Link | The Pillars of Ashoka

A short article describing the pillars of Ashoka

“Some pillars had edicts (proclamations) inscribed upon them.  The edicts were translated in the 1830s. Since the 17th century, 150 Ashokan edicts have been found carved into the face of rocks and cave walls as well as the pillars, all of which served to mark his kingdom, which stretched across northern India and south to below the central Deccan plateau and in areas now known as Nepal, Pakistan, Bangladesh, and Afghanistan. The rocks and pillars were placed along trade routes and in border cities where the edicts would be read by the largest number of people possible. They were also erected at pilgrimage sites such as at Bodh Gaya, the place of Buddha’s Enlightenment, and Sarnath, the site of his First Sermon and Sanchi, where the Mahastupa, the Great Stupa of Sanchi, is located (a stupa is a burial mound for an esteemed person. When the Buddha died, he was cremated and his ashes were divided and buried in several stupas. These stupas became pilgrimage sites for Buddhist practitioners).”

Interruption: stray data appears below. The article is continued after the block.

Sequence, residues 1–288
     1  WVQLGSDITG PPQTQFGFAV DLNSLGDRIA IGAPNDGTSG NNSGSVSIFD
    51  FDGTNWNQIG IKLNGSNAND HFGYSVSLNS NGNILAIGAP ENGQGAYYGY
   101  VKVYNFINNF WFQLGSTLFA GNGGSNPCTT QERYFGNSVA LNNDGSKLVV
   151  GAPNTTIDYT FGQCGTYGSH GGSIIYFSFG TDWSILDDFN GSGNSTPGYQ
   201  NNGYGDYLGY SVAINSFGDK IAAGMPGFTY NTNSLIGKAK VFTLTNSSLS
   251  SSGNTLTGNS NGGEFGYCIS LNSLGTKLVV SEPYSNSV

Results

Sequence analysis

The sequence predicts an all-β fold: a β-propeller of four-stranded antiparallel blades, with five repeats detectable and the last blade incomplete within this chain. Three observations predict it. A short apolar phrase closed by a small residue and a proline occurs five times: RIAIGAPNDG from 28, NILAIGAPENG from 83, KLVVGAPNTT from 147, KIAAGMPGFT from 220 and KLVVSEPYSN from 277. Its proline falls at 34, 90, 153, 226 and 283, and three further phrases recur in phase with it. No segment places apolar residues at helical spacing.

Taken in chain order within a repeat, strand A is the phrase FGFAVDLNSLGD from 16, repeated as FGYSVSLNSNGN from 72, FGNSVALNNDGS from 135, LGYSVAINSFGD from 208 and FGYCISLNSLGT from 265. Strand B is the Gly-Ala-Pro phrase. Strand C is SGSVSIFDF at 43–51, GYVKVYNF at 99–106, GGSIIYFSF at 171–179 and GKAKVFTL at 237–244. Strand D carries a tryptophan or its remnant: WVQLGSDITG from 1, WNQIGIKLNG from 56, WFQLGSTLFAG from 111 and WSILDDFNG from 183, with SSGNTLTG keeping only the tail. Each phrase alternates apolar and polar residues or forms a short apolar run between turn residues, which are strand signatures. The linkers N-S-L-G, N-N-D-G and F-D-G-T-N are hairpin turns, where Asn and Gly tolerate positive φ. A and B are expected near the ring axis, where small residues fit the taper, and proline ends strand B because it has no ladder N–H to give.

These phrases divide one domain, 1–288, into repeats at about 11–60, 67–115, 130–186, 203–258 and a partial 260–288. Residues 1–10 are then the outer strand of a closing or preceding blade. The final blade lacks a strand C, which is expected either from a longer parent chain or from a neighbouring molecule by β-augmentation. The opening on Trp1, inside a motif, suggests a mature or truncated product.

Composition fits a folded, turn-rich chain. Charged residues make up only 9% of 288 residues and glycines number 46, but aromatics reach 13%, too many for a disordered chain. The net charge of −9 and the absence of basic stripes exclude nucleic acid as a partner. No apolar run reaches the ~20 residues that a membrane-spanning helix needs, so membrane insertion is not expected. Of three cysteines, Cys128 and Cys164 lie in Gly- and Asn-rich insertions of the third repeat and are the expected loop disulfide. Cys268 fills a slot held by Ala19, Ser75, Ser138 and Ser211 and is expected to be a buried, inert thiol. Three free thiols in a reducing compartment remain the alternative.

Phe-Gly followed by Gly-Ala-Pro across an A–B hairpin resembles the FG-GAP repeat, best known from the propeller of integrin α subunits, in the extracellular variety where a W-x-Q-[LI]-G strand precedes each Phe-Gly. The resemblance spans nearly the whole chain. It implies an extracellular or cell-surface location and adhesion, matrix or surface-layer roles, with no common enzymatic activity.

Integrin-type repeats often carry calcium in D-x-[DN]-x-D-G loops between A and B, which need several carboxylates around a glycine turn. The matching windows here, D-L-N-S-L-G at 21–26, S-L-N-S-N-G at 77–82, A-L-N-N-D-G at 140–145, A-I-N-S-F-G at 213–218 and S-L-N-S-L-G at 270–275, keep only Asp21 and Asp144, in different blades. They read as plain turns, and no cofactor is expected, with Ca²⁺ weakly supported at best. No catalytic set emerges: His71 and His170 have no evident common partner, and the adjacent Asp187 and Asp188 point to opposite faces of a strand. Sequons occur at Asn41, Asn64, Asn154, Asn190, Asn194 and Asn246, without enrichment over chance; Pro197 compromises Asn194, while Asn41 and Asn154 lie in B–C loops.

(Via The Pillars of Ashoka – Smarthistory)

Featured Image via Wikipedia: By Rajeev kumar (Own work) [CC BY-SA 2.5], via Wikimedia Commons

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